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Congressional Briefing Stresses Growing Need for Low Vision
Rehabilitation Services

Featured speaker Michael Fischer, O.D., F.A.A.O. (Northport Veterans Affairs Medical Center)
Featured speaker Michael Fischer, O.D., F.A.A.O. (Northport Veterans Affairs
Medical Center)
On July 14, Lighthouse International and its vision community partners hosted a standing room-only Congressional Briefing entitled Low Vision and Vision Rehabilitation: A Growing Need. Lighthouse President and CEO Mark Ackermann set the stage by reviewing the demography of the aging population and the concomitant increased risk of vision impairment. Congressman Gene Green (D-TX), a co-Chair of the Congressional Vision Caucus, provided a welcome and emphasized the importance of the early recognition of vision issues.

The featured speaker was Michael Fischer, O.D., F.A.A.O., who is the Chief of Optometry Service at the Northport Veterans Affairs (VA) Medical Center (Long Island, New York) and a consulting low vision clinician at Lighthouse. He previously served as Chief of Low Vision Services at Lighthouse and spoke in his capacity as a Lighthouse consultant, not as a VA representative. He explained that the VA Medical Centers located throughout the United States conduct extensive low vision rehabilitation services for veterans and, within the private sector, low vision rehabilitation services are provided by agencies (such as Lighthouse), Low Vision Clinics at Colleges of Optometry, and by independent practitioners, such as ophthalmologists and optometrists.

Dr. Fischer described low vision as a loss of visual function that cannot be corrected by standard glasses, contact lenses, medications or surgery and that may result from an inherited eye disease, an acquired condition, trauma, or some other problem that damages the visual system. He discussed in detail the four main causes of low vision in adults—age-related macular degeneration (AMD), diabetic retinopathy, glaucoma and cataracts. According to the National Eye Institute (NEI) within the National Institutes of Health (NIH), about 35 million Americans currently experience one of these disease conditions, and that number will grow to 50 million by 2020. As a result of the aging population, the need for low vision rehabilitation services is growing exponentially.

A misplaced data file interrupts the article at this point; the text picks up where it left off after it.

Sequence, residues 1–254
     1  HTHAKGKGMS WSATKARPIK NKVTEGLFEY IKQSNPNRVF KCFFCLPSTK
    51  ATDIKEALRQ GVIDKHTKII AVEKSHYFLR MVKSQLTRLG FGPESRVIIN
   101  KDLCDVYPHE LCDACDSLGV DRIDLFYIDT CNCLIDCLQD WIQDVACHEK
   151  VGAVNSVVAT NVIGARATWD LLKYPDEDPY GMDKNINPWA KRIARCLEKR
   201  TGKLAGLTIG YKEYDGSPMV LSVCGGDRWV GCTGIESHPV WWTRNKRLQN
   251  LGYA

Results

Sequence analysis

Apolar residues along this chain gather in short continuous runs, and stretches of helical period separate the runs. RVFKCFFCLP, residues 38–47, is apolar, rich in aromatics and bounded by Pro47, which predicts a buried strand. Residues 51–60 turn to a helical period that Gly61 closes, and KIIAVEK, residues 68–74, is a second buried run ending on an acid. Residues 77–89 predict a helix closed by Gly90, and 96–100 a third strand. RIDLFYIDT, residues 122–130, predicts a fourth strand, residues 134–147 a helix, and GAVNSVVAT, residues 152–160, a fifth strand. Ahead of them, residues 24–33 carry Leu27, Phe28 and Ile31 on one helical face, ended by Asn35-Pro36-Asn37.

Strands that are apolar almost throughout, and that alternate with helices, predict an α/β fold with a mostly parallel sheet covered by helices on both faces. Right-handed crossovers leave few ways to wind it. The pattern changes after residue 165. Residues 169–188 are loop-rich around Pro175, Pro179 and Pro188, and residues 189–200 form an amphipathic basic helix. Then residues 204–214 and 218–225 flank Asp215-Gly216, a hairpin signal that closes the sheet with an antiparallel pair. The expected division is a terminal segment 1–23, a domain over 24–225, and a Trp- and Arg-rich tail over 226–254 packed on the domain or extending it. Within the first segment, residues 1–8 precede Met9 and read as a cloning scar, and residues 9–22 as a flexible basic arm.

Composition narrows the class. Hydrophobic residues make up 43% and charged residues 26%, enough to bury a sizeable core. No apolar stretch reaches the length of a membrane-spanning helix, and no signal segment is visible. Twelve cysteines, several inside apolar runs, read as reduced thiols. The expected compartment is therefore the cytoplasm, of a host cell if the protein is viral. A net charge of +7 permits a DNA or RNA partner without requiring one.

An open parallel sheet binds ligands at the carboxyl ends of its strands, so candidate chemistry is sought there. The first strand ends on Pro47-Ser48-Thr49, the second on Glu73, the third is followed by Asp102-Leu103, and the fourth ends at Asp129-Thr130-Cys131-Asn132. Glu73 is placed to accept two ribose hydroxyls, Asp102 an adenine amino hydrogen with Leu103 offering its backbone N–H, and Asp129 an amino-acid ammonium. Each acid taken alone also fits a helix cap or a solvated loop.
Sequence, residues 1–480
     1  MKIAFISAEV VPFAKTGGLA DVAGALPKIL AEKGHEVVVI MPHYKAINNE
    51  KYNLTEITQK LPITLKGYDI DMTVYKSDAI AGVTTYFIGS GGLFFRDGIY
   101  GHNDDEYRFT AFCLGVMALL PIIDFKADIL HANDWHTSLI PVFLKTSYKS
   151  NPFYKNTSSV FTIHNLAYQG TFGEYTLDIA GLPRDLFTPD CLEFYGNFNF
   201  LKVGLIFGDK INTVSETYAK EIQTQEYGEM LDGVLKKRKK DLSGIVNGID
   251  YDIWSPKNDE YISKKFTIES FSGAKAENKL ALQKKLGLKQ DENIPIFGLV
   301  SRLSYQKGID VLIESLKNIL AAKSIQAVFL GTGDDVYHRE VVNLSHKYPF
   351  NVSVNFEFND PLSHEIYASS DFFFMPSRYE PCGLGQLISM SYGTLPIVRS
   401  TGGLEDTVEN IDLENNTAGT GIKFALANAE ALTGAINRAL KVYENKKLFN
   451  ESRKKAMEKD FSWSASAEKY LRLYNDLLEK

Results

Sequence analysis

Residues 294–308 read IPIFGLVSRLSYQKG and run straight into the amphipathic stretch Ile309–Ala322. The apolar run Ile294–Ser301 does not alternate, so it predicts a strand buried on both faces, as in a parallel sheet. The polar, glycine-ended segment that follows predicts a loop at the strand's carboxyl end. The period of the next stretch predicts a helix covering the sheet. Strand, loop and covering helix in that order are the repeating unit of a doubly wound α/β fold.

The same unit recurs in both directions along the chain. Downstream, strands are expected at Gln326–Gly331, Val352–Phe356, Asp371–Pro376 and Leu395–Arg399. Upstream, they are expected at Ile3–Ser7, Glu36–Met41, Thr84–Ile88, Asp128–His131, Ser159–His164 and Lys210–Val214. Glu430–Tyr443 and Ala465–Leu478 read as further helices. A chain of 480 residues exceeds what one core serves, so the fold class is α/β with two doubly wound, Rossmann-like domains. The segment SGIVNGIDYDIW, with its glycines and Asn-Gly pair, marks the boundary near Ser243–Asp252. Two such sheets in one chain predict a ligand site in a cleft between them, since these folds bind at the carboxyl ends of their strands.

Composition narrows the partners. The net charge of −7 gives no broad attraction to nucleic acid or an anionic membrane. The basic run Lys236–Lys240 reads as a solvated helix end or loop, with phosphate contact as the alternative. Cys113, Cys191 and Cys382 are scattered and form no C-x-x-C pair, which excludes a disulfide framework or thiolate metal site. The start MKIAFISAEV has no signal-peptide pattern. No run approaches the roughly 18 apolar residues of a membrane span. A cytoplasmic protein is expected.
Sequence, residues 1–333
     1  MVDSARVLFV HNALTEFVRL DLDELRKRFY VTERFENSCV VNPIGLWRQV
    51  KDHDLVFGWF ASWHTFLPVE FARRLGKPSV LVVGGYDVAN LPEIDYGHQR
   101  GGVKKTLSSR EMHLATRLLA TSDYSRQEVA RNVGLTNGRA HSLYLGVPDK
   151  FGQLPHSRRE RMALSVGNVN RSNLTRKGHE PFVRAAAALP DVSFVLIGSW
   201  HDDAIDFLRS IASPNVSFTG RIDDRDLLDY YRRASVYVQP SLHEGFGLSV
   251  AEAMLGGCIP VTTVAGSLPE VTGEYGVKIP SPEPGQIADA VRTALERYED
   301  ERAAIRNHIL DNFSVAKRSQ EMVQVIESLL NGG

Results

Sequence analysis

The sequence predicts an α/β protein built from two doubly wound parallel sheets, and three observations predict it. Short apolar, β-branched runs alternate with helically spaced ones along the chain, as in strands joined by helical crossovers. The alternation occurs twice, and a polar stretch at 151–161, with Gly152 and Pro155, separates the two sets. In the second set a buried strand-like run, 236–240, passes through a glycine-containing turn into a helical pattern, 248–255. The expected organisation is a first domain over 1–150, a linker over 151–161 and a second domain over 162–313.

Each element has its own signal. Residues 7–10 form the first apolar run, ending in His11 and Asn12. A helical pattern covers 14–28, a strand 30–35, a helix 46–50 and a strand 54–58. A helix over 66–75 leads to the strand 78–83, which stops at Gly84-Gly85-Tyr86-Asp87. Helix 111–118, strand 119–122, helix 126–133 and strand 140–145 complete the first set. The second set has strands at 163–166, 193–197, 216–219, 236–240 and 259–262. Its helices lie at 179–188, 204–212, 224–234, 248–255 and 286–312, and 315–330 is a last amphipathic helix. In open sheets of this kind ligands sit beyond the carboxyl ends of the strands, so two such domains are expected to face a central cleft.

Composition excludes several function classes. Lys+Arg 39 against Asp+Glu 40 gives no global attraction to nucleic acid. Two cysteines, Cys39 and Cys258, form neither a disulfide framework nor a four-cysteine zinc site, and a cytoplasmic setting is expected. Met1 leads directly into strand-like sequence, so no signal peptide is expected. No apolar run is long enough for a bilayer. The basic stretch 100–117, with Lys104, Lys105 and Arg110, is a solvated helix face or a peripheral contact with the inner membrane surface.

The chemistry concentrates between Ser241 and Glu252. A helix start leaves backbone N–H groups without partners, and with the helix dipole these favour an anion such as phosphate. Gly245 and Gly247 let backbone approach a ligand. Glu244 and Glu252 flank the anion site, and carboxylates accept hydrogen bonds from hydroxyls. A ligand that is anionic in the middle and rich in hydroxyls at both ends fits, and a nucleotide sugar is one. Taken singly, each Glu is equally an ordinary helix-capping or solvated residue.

In the low vision rehabilitation process, a patient will first have a low vision examination to determine the level of visual function (e.g., extent of visual field, visual acuity, contrast sensitivity), and then a rehabilitation plan will be developed to meet that individualís lifestyle goals, such as maintaining the independent living skills of reading and mobility within the home and the community. The plan includes training by an Occupational Therapist (OT) or a Vision Rehabilitation Therapist (VRT) on the use of organization within the home, lighting, markings, and assistive devices to support independent activities. It may also include the participation of other vision rehabilitation professionals, such as orientation and mobility specialists, low vision therapists, and social workers for counseling.

Dr. Fischer explained that, although the Medicare program covers portions of the low vision exam and OT services, it does not cover the VRTís services or those for orientation and mobility, except in a six-site Demonstration Program currently being conducted by the Centers for Medicare and Medicaid Services (CMS) which has had limited success due to design flaws at its inception. He announced that Lighthouse recently convened a group of stakeholders in the vision community to explore legislative options for reimbursement of the specialized vision rehabilitation professionals, including a new Demonstration Program that improves upon the current program that expires in 2011 or the creation of a dedicated benefit for vision rehabilitation. Dr. Fischer concluded by stating that, "With the appropriate rehabilitation, most people can perform the needed daily living tasks independently, but greater access to vision rehabilitation services is needed."

Dr. Fischerís comments were echoed in concluding remarks by Cong. John Boozman, O.D., (R-AK), who said that adequate reimbursement for vision rehabilitation services up-front could save Medicare costs downstream. Cong. Boozman is member of the Congressional Vision Caucus.

Lighthouse was joined by the following co-sponsors in hosting this event:
Alliance for Eye and Vision Research (AEVR)
American Foundation for the Blind (AFB)
American Occupational Therapy Association (AOTA)
American Optometric Association (AOA)
Association for Research in Vision and Ophthalmology (ARVO)
Envision
Prevent Blindness America (PBA)
VisionServe Alliance

Lighthouse President and CEO Mark Ackermann introduces Cong. Gene Green (D-TX), a co-Chair of the Congressional Vision Caucus, who provided a welcome to attendees
Lighthouse President and CEO Mark Ackermann introduces Cong. Gene Green (D-TX), a co-Chair of the Congressional Vision Caucus, who provided a
welcome to attendees
Cong. John Boozman, O.D.  (R-AK), a Vision Caucus member, provided concluding remarks
Cong. John Boozman, O.D. (R-AK), a Vision Caucus member, provided
concluding remarks
Lester Marks (left) and Cynthia Stuen, Ph.D. (right) from Lighthouse International with Roxann Mayros (center) of VisionServe Alliance, a briefing co-sponso
Lester Marks (left) and Cynthia Stuen, Ph.D. (right) from Lighthouse International with Roxann Mayros (center) of VisionServe Alliance, a briefing co-sponsor
NAEVRís David Epstein (right) with Tom Zampieri (left) of the Blinded Veterans Association, which has been a strong supporter for the expansion of VA Blind Rehabilitation Programs
NAEVRís David Epstein (right) with Tom Zampieri (left) of the Blinded Veterans Association, which has been a strong supporter for the expansion of VA Blind Rehabilitation Programs